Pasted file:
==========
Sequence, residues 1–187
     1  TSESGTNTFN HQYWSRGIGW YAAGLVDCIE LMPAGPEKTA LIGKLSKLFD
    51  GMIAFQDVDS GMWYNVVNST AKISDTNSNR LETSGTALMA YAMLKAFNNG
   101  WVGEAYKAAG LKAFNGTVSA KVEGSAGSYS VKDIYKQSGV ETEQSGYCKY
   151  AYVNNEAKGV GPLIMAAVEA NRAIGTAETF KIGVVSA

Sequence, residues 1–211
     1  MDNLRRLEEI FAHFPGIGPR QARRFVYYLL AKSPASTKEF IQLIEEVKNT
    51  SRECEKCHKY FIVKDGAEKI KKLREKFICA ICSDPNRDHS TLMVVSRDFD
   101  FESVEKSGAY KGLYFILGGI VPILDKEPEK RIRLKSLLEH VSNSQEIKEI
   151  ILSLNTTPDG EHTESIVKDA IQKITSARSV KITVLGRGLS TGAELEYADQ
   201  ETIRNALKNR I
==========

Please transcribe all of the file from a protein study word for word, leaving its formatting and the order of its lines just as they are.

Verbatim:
Sequence, residues 1–187
     1  TSESGTNTFN HQYWSRGIGW YAAGLVDCIE LMPAGPEKTA LIGKLSKLFD
    51  GMIAFQDVDS GMWYNVVNST AKISDTNSNR LETSGTALMA YAMLKAFNNG
   101  WVGEAYKAAG LKAFNGTVSA KVEGSAGSYS VKDIYKQSGV ETEQSGYCKY
   151  AYVNNEAKGV GPLIMAAVEA NRAIGTAETF KIGVVSA

Sequence, residues 1–211
     1  MDNLRRLEEI FAHFPGIGPR QARRFVYYLL AKSPASTKEF IQLIEEVKNT
    51  SRECEKCHKY FIVKDGAEKI KKLREKFICA ICSDPNRDHS TLMVVSRDFD
   101  FESVEKSGAY KGLYFILGGI VPILDKEPEK RIRLKSLLEH VSNSQEIKEI
   151  ILSLNTTPDG EHTESIVKDA IQKITSARSV KITVLGRGLS TGAELEYADQ
   201  ETIRNALKNR I